This installs a rule in the OUTPUT chain to direct ICMP traffic to NFQUEUE  and tells NFQUEUE to shunt them into queue 0. Note that if nothing is installed on the queue to set ACCEPT verdicts e.g. SIP Interceptor is not running the packets will be dropped.  To remove the rule:

iptables -D OUTPUT -p icmp -j NFQUEUE --queue-num 0

The following rule will ask for a decision to a listening userspace program for all packets into the server:

iptables -A INPUT -j NFQUEUE --queue-num 0

The level of granularity can be increased by specifying IP addresses, port ranges etc. etc. For example,  to add a rule to pass all packets to SIP Interceptor for incoming TCP packets to port 5060 from  source IP in the range only:

iptables -A INPUT -p tcp --dport 5060 -m iprange --src-range -j NFQUEUE --queue-num 0
iptables -A INPUT -p udp --dport 5060 -j NFQUEUE --queue-num 0

-p sets the IP protocol for the rule, which can be either icmp, tcp, udp, or all, to match every supported protocol. In addition, any protocols listed in /etc/protocols may also be used. If this option is omitted when creating a rule, the all option is the default.

For more information please see:

Of course this solution only works for UDP and TCP transports. For SIP over TLS (and Windows OS for that matter) we would need to consider something a bit more complex like reSIProcate (

But hopefully this is a good start and you can see SIP Interceptor in action below.



Sending a SIP INFO message from a Genesys IRD strategy

On my current project we needed to send a SIP INFO message from SIP server. Before I forget here is how it can be done:

  • Assign SIP INFO body to a variable:

  • Assign extensions attributes:


  • Send a private service request. Note that 105 is the ID of AttributePrivateMsgID and 3018 is the message ID for Advice of Charge (AoC). For reference other known values of AttributePrivateMsgID are:

3013 (GSIP_RECORD_START) – Starts GQM recording
3014 (GSIP_RECORD_STOP) – Stops a GQM recording
3015 (GSIP_RECORD_PAUSE ) – Pauses a GQM recording
3016 (GSIP_RECORD_RESUME ) Resumes a GQM  recording
4012 – Start of Customer Greeting (See SIPS option greeting-notification)
4013 – End of Customer Greeting


  • Test it – SIP INFO sent with supplied body:

13:59:12.608 Trc 04541 RequestPrivateService received from [17] (00000004 URS_1

message RequestPrivateService

AttributeThisDN      ‘0150’

AttributeConnID      00890237bba2601a

AttributeReferenceID 259

       AttributeExtensions  [124] 00 03 00 00..

              ‘Content-Type’       ‘application/vnd.etsi.sci+xml’

              ‘Content-Disposition’      ‘render;handling=optional’

              ‘Body’ ‘varData=998000000000’

       AttributePrivateMsgID      3018

13:59:12.608 Int 04543 Interaction message “RequestPrivateService” received from 17 (“URS_1”)

13:59:12.608  — created: CRequest@2aaaac041f20 RequestPrivateService-URS_1[17]/259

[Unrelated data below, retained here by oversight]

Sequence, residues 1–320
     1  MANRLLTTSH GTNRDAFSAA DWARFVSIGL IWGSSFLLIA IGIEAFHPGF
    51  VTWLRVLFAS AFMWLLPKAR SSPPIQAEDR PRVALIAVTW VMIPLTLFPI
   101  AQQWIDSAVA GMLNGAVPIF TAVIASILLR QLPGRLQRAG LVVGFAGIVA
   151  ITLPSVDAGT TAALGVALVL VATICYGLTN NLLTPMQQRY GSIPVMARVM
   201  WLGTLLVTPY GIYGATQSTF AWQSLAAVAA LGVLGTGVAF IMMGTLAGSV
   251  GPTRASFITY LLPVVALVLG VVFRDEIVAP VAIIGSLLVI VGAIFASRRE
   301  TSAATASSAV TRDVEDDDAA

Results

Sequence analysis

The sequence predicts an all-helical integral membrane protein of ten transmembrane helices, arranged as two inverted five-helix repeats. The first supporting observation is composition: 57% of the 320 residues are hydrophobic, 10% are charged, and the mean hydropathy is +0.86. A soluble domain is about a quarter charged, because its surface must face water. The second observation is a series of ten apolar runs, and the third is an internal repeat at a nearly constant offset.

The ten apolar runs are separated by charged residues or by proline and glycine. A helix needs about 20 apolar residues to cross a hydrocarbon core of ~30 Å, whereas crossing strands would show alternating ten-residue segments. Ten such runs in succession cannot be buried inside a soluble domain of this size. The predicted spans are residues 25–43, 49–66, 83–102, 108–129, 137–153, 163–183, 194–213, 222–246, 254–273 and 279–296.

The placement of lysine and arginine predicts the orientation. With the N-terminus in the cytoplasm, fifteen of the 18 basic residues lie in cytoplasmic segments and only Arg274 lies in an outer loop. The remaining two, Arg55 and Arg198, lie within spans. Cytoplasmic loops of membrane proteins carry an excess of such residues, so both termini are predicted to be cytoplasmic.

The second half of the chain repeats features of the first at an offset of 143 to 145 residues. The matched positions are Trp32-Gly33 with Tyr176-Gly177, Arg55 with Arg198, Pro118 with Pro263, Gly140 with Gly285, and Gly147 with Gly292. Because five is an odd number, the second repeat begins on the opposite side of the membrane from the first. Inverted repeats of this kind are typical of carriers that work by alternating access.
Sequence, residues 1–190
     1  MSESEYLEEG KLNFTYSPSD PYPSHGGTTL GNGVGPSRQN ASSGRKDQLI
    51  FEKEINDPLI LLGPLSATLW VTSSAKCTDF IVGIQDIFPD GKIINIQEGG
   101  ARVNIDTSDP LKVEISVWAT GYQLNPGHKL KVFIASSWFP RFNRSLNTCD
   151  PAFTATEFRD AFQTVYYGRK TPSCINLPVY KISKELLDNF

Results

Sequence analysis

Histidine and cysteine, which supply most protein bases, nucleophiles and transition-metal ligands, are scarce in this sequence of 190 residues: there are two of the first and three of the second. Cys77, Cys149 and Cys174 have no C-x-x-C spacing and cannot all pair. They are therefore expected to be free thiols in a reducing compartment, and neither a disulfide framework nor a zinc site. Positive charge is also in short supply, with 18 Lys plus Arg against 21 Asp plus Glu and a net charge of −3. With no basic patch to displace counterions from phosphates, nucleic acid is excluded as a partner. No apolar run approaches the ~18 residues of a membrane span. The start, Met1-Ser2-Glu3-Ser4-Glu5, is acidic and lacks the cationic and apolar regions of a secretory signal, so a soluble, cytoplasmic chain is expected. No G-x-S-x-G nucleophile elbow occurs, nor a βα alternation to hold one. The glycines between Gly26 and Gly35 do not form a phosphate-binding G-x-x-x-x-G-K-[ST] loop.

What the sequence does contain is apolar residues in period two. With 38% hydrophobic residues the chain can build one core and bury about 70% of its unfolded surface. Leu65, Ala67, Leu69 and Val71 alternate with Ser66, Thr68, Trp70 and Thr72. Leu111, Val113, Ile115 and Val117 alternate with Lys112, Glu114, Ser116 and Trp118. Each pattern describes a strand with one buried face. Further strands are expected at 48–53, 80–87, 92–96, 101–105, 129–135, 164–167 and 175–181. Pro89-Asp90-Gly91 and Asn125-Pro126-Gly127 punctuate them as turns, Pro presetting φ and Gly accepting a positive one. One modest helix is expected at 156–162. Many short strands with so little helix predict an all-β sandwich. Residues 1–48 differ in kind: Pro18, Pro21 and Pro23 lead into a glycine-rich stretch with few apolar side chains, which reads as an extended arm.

13:59:12.608: $+TLIB:CTI:Unknown:0:0

13:59:12.608 +++ CIFace::Request +++

— new invoke

— thisCall by party

Parsed: RequestPrivateService

From: URS_1[17]/259

Numbers: +<0150> -<none>

Calls: 2aaaac035d30:1 none

Parties: 0150.2aaaac042260-2aaaac035d30:1


Status: parsed:1 queued:0 sent:0 acked:0 preevent:0 event:0 context:0 transferred:0


— validate

— state check: ok

CIFace: Sent CRequest@2aaaac041f20 RequestPrivateService-URS_1[17]/259

FinishRequest CRequest@2aaaac041f20 RequestPrivateService-URS_1[17]/259

IFace stats: q=0 s=0

— complete

13:59:12.608: SipTServer::PrivateServiceAdviceOfCharge get destination from otherParty: 3001

13:59:12.608: SIPTR(11): Begin step 0 – SipTransactionExecuteCtiRequest(12)

13:59:12.608 SIPCONN(3001): CtiRequest(9)

13:59:12.608: SIPDLG[4]: register TRN[11]

13:59:12.608: Sending  [19,TCP] 570 bytes to >>>>>

INFO sip:gw+Genesys@;tport=tcp;transport=tcp;gw=Genesys SIP/2.0

From: <sip:4100@>;tag=00383D6C-79FE-1287-BB5F-0B01A8C0AA77-3

To: “3001 on FS” <sip:3001@>;tag=SQN3c6629UBNj

Call-ID: 189d697d-c96a-1231-5ea1-e091536f4cb1

CSeq: 2 INFO

Content-Length: 20

Content-Type: application/vnd.etsi.sci+xml

Via: SIP/2.0/TCP;branch=z9hG4bK00383D8A-79FE-1287-BB5F-0B01A8C0AA77-8

Contact: <sip:;transport=tcp>

Content-Disposition: render;handling=optional

Max-Forwards: 68




Client side email forwarding in Microsoft Outlook

For security reasons the forwarding of emails to external destinations is often disabled server side in Microsoft Exchange. If you really still want / need to do this then here is how:

  • Add the following VBA code in the Visual Basic editor of Outlook (Alt-F11). Be sure to change to the address where you want the mail to go and also adjust the days and times when you want forwarding to occur. Comment out the line “myattachments.Remove 1” if you want to forward attachments as well:

Sub AutoForwardEmail(Item As Outlook.MailItem)

Dim myFwd As Outlook.MailItem

Dim currentWeekDay As String

Dim currentHour As Integer

currentWeekDay = WeekdayName(weekDay(Date), False, vbSunday)

currentHour = hour(Time)

If currentWeekDay = “Saturday” Or currentWeekDay = “Sunday” Or currentHour < 9 Or currentHour > 17 Then

Set myFwd = Item.Forward

Set myattachments = myFwd.Attachments

While myattachments.Count > 0

myattachments.Remove 1


myFwd.Recipients.Add “


End If

Set myFwd = Nothing

End Sub

  • Enable Macros in Outlook (Tools -> Macro -> Security) and then restart Outlook:

  • Tell Outlook to run this code for each inbound message (Tools -> Rules and Alerts -> New Rule -> Check Messages when they arrive -> Next -> YES -> Checkbox “Run a Script” -> Then select the script you just created e.g.  “AutoForwardEmail”:

  • Make sure that Outlook is running and connected to Exchange for this to work!